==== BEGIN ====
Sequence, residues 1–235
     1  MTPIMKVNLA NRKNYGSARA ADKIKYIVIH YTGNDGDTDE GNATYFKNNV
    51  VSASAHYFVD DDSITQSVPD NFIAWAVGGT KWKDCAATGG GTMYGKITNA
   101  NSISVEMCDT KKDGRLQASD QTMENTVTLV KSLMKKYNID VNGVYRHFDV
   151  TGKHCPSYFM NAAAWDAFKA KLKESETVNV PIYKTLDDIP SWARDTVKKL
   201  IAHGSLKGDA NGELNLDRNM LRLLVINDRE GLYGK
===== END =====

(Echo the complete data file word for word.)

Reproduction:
Sequence, residues 1–235
     1  MTPIMKVNLA NRKNYGSARA ADKIKYIVIH YTGNDGDTDE GNATYFKNNV
    51  VSASAHYFVD DDSITQSVPD NFIAWAVGGT KWKDCAATGG GTMYGKITNA
   101  NSISVEMCDT KKDGRLQASD QTMENTVTLV KSLMKKYNID VNGVYRHFDV
   151  TGKHCPSYFM NAAAWDAFKA KLKESETVNV PIYKTLDDIP SWARDTVKKL
   201  IAHGSLKGDA NGELNLDRNM LRLLVINDRE GLYGK